Northwestern Himalayas has become 1.4 degrees Celsius warmer in the last 100 years, a far higher level of warming than the 0.5-1.1 degrees for the rest of the globe, Indian scientists have found.
Scientists from the Defence Research and Development Organisation (DRDO) and Pune University's Department of Geology examined the variation in precipitation (snowfall and rainfall) in the region and found that warming has led to a delay in the onset of winter and a reduction in snowfall.
The study published in the International Journal of Climatology from the Royal Meteorological society, Britain, found that northwestern Himalayas have warmed at the rate of about 1.4 degrees Celsius in the last century compared to the global range of 0.5 to 1.1 degrees Celsius.
"The interesting finding of the study is the unusually high rate of increase in both maximum and minimum temperatures in the last three decades in the northwestern Himalayan region (NWH) whereas in other high altitude mountainous regions of the world such as the Alps and the Rockies, the minimum temperature has increased more rapidly than the maximum," M.R. Bhutiyani, a DRDO scientist who led the study, said.
"The warming on the NWH has been because of both maximum and minimum temperature increasing at a higher rate, with maximum temperature increasing more rapidly," said Bhutiyani, who is also head of the Department of Geology at the College of Military Engineering, Pune.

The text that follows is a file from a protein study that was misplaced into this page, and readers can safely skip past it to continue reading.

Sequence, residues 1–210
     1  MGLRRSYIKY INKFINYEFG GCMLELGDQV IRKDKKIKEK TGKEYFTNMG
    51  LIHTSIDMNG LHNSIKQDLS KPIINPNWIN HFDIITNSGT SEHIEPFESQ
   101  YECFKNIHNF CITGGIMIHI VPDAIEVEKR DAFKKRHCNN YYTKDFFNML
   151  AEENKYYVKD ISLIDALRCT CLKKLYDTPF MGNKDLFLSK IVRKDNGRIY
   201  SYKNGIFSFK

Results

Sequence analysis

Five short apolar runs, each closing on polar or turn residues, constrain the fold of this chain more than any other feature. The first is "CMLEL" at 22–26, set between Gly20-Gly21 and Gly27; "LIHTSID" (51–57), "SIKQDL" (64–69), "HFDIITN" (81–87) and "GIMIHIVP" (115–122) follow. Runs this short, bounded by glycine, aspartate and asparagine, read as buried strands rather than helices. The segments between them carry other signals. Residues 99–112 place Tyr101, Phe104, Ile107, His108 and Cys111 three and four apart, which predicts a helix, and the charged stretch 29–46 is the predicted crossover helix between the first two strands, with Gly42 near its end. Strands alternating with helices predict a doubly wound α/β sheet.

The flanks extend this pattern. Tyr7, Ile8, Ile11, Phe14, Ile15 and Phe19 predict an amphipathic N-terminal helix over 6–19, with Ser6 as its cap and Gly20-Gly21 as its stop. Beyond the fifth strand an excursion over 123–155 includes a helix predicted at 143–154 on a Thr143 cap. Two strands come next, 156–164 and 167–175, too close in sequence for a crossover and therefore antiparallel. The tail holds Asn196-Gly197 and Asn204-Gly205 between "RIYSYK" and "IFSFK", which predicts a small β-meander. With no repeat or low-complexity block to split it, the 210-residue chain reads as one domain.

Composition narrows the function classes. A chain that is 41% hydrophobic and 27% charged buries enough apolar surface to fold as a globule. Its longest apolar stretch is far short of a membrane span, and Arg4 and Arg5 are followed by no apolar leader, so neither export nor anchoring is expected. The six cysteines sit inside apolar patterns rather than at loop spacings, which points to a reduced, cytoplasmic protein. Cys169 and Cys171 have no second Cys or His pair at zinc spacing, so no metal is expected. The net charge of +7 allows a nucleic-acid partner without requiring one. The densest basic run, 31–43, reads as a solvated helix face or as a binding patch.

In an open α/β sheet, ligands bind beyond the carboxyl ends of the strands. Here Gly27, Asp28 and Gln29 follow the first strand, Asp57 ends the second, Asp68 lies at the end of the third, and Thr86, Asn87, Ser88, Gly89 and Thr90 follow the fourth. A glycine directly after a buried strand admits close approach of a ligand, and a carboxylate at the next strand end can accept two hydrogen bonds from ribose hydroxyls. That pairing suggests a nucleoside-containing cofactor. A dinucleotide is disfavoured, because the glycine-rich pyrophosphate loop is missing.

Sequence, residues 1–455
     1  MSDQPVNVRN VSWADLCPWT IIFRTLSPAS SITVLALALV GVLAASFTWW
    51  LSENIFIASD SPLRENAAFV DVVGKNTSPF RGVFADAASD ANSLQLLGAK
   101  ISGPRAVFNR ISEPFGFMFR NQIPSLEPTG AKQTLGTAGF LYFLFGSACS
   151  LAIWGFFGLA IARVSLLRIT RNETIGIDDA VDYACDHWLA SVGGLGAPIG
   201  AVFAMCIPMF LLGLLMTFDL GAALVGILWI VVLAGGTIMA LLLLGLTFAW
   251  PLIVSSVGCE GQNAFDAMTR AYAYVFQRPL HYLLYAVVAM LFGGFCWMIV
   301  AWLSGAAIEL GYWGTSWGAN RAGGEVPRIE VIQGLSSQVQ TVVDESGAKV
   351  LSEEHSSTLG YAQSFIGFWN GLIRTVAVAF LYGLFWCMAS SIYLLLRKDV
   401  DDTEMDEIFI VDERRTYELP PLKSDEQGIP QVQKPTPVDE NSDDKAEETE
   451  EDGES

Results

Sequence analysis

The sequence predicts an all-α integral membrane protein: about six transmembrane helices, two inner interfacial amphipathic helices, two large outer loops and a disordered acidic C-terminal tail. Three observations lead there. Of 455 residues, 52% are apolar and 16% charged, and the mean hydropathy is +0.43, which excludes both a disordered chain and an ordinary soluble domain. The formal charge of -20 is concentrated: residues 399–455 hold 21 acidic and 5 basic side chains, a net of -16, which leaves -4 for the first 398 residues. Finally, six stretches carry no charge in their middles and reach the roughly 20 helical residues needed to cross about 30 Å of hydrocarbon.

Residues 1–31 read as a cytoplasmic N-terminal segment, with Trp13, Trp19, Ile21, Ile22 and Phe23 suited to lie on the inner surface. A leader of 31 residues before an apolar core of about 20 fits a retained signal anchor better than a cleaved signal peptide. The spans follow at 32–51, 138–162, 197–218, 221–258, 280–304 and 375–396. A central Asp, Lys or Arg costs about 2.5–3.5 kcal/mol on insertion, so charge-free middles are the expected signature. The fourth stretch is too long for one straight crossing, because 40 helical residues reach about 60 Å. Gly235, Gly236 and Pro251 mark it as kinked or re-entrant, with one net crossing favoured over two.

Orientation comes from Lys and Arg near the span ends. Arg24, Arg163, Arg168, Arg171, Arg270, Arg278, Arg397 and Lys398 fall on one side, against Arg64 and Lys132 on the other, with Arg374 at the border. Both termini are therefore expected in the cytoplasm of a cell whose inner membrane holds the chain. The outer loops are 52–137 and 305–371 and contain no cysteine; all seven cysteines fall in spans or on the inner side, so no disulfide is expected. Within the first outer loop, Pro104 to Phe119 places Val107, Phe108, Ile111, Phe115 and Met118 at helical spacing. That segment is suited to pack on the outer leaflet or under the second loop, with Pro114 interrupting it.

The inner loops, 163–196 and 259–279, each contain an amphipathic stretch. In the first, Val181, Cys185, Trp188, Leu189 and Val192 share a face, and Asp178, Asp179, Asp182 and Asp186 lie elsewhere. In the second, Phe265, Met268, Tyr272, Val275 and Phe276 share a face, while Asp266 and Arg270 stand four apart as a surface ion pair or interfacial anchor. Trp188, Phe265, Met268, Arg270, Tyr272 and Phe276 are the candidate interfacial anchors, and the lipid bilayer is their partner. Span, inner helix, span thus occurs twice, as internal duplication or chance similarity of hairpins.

The data for the NWH region spread over Jammu and Kashmir and Himachal Pradesh was collected from the India Meteorological Department (IMD), the Snow and Avalanche Study Establishment (SASE) in Manali and the Indian Institute of Tropical Meteorology.
The study also indicated a significant decreasing trend in monsoon and annual overall precipitation during the period 1866-2006.
"The alarming aspect of it is that the winter precipitation consists now of more rainfall and less snowfall. Effective duration of winter has been curtailed with the late onset of winter and the early onset of spring. This, in turn, has directly influenced the ecology of the area," said Bhutiyani.
The study found that less snowfall followed by early melting of the snow has resulted in a changed water balance in the catchments.
Conforming to the global trends, the study said that the glaciers in the NWH have shrunk considerably in the last three decades, indicating major ice-loss.
"The research points towards the fact that a significant increase in air temperature, coinciding with the industrial revolution and enhanced anthropogenic (human related) activities may have resulted in warming of the region and climate change," the scientist said.